Behind That Curtain
Charming Sinners
The Cockeyed World
High Voltage
Say It with Songs

1930
The Bat Whispers
Doorway to Hell [this is actually quite a good one, IMO]
Doughboys
Fast and Loose
Just Imagine
The Medicine Man
One Romantic Night
Wild Company

1931
Delicious
East of Borneo
Her Majesty, Love [yes, really]
I Like Your Nerve
Illicit
Indiscreet
Ladies' Man
Never the Twain Shall Meet
The Speckled Band
Ten Cents a Dance

1932
Chandu the Magician
Merrily We Go to Hell
Rockabye
The Son-Daughter

-HA
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Re: Worst of the Worst

PostSat Feb 13, 2016 5:06 pm

Harold Aherne wrote:What do you know—Cinemania can still be handy! Here are the other pre-1940 titles that earned a "bomb" rating, rendered as "one star" in Cinemania. (These ratings reflect the 1997 edition only; some may have been revised and newly available early talkies may have received low ratings since then.) For films from the larger studios, I noted where they came from; the rest are low-budget exploitation or otherwise independent films that are easy targets for low ratings. My posting of these titles shouldn't be taken as evidence I agree with them--I virtually never do.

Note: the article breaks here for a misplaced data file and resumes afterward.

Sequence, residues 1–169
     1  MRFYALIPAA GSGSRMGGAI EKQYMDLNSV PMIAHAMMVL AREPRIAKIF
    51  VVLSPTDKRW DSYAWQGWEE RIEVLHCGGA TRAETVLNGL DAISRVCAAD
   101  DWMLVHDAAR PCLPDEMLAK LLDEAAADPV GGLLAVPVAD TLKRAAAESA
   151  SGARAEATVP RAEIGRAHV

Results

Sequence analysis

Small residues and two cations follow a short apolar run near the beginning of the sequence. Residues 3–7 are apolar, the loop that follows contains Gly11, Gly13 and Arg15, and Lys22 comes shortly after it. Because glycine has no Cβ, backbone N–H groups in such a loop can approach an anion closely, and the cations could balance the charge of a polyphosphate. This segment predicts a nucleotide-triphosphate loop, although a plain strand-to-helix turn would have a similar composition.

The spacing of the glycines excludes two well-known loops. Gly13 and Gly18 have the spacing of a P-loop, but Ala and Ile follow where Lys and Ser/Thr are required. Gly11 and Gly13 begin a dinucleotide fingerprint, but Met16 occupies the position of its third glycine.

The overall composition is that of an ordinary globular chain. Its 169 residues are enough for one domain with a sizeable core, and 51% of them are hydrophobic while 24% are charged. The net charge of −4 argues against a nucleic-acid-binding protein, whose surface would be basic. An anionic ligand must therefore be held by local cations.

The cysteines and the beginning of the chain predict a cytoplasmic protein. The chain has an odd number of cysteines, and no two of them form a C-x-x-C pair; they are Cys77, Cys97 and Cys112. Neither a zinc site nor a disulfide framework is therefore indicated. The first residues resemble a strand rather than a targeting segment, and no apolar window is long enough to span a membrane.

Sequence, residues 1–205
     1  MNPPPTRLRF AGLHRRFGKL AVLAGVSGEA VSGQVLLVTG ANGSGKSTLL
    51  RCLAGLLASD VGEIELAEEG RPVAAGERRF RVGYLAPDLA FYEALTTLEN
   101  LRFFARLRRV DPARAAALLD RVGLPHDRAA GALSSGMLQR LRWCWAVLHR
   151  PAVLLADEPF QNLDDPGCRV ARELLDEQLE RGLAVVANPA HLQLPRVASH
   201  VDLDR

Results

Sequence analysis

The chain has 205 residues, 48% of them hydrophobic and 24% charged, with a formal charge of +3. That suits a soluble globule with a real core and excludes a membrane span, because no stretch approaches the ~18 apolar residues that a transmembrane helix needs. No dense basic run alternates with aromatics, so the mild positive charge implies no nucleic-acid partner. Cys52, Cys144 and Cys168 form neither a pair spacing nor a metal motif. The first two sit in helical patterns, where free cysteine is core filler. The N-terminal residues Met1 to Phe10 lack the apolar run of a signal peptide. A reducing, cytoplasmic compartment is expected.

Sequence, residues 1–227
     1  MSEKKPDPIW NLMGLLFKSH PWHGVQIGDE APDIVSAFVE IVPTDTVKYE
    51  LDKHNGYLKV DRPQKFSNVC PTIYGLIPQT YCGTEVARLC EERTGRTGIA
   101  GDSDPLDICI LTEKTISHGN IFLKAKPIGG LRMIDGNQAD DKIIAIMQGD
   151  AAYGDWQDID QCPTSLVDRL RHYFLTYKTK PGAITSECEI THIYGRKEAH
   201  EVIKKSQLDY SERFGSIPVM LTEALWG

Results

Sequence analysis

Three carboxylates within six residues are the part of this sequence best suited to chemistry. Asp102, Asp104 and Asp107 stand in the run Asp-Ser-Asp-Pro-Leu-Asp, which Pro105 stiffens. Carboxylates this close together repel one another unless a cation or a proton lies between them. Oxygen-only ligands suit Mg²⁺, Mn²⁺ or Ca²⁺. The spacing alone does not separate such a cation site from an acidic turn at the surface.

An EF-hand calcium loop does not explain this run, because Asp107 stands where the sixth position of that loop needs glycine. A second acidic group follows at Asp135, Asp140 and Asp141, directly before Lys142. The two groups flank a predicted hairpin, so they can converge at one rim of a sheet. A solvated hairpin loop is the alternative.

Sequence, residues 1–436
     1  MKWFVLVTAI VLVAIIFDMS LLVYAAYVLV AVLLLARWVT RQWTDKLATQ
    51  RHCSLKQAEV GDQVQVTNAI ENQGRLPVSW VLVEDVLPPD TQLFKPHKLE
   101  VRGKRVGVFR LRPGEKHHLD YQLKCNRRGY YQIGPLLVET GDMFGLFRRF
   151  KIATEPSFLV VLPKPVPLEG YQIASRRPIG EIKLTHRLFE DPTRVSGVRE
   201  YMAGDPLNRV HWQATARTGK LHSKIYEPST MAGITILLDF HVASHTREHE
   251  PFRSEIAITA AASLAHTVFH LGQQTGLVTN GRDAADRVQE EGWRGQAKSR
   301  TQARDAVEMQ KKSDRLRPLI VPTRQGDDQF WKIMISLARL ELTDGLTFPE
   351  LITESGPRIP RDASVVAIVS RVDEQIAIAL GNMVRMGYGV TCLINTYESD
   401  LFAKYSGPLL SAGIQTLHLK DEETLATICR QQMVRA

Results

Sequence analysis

Check and Double Check (1930, RKO)
I Loved a Woman (1933, First National)
Night of Terror (1933, Columbia)
Maniac (1934)
Queen of the Jungle (1935) [feature version of serial]
The Cocaine Fiends (1936) [aka The Pace That Kills]
Frankie and Johnny (1936, Republic)
Marihuana (1936)
An Old Spanish Custom (1936) [aka The Invader, British film w/Buster Keaton]